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  • Kareem Hunt, Alvin Kamara and Leonard Fournette all took the league by storm in their rookie years. There's reason to believe they'll all keep it going in their first career playoff games.
By Chris Raybon
January 05, 2018

After a regular season featuring an exciting rookie class, way too many catch controversies and injuries to star players, and a new crop of quarterbacks and playoff teams rising up, the playoffs are finally here. Six teams that didn’t make the playoffs last season will take the field on Wild Card weekend, joined by the Atlanta Falcons and Kansas City Chiefs—a team which features a rookie running back that wasn’t in the fold last season, either. Here are five facts to know for DFS about players and/or teams who were not a part of the playoffs a year ago.

1. Kareem Hunt is being used a lot more in scoring position by new play-caller Matt Nagy

When Andy Reid called plays in Weeks 1 through 12, Hunt accounted for nine of his team’s combined 23 carries and targets inside the opponent’s 10-yard line, or 39.1%. In Weeks 13 through 16 under Nagy, Hunt’s usage inside the 10 climbed to 10-of-16 combined carries and targets, or 62.5%. Hunt also went from 3.8 targets per game under Reid to 5.3 per game under Nagy, which bodes well for Hunt considering that the Titans allowed 967 receiving yards to running backs, 127 more than any other team.

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2. The Buffalo Bills allow the most schedule-adjusted fantasy points in the league to opposing running backs

Buffalo allowed a league-leading 20 touchdowns to running backs this season, while Leonard Fournette scored at least one touchdown in nine of 13 games overall, and five of six games at home. 4for4’s Team Defense: TDs Allowed Distribution Report also tells us that Buffalo allowed at least one rushing touchdown in 75.0% of its games, tied for most in the league. Fournette has handled 20 or more touches in more than three-quarters of his games this season, which should be enough to reach the end zone at least once at home against the Bills.

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3. Alvin Kamara was given twice as many opportunities as Mark Ingram inside the opponent’s 10-yard line over the past three weeks

From Week 15 through Week 17, Kamara had four carries inside the 10, while Ingram had one carry and one target. After Ingram had a 20.3 to 13.9 advantage over Kamara in touches per game in Weeks 6 through 13, Kamara enjoyed a 17.3 to 16.7 edge over the last three weeks (Kamara left Week 14 after six snaps with a concussion). Kamara also performed better than Ingram in two meetings against the Panthers this season, averaging 8.8 yards per touch with three touchdowns on 19 touches, compared with Ingram’s 5.8 yards per touch and one touchdown on 36 touches.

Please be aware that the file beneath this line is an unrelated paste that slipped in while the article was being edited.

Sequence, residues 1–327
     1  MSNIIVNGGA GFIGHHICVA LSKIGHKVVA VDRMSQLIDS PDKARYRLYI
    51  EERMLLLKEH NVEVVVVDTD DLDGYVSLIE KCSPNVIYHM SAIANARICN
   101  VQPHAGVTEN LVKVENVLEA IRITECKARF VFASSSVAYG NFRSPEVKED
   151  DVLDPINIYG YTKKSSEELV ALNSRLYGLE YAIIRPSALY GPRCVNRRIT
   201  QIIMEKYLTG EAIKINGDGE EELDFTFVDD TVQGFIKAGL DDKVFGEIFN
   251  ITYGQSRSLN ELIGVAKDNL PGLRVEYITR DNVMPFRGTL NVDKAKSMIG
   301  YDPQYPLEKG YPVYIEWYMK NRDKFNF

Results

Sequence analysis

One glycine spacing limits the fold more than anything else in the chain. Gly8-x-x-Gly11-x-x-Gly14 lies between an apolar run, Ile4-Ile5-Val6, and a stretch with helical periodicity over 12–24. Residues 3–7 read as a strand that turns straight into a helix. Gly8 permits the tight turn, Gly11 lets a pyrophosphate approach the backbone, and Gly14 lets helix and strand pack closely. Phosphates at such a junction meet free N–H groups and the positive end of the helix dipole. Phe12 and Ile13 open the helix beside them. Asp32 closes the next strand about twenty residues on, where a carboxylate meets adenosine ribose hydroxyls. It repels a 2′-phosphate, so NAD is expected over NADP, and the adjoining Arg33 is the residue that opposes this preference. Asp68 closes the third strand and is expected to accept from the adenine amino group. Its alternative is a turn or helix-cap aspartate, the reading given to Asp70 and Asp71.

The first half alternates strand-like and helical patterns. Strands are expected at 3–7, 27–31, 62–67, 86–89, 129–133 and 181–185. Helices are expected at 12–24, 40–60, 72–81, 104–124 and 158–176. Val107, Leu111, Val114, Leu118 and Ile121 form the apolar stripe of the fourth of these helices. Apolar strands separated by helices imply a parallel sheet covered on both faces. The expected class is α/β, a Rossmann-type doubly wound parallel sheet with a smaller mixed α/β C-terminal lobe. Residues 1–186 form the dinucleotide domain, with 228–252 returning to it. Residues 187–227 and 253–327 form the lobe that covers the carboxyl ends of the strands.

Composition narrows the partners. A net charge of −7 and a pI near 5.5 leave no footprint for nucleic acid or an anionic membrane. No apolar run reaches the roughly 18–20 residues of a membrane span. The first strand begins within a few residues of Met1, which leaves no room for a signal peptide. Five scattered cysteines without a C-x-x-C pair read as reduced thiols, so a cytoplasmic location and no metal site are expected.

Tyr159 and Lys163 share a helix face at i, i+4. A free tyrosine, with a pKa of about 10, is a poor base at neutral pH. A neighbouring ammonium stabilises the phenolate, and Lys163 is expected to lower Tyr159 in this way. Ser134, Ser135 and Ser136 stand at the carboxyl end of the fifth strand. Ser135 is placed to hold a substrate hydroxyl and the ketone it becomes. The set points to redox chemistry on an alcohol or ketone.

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4. The Carolina Panthers allowed opposing No. 1 wide receivers to average 5.5 receptions, 94.1 yards, and 0.83 touchdowns per game over the last six weeks

Since the team’s bye in Week 11, Carolina’s defense has coughed up receiving stat lines of 6–146–2 (Robby Anderson), 5–70–1 (Michael Thomas), 6–105–1 (Adam Thielen), 5–57–1 (Davante Adams), 6–107–0 (Mike Evans), and 5–80–0 (Julio Jones). Michael Thomas also piled up seven catches, 87 yards, and a touchdown on Carolina in Week 13. The second-year man out of Ohio State should continue to have success this weekend against the defense allowing the most schedule-adjusted fantasy points in the league to wide receivers.

 

5. Greg Olsen accounted for 37% of the Carolina Panthers’ air yards over the past three weeks

From Week 3, Carolina’s first game with Olsen on injured reserve with a foot injury, to Week 14, Olsen’s first game resuming a full-time role, Devin Funchess averaged 8.1 targets per game and commanded 38% of Carolina’s air yards. Olsen played sparingly in Week 12, missed Week 13, and then was not targeted despite playing 92% of the snaps in Week 15, but since then he has been busy, averaging 9.0 targets per game. In that same timeframe, Funchess dipped to 4.7 targets per game and a 26% share of the team’s air yards. With Funchess likely to see a lot of Defensive Rookie of the Year candidate Marshon Lattimore in coverage, Olsen should again expect to operate as Cam Newton’s No. 1 receiver.

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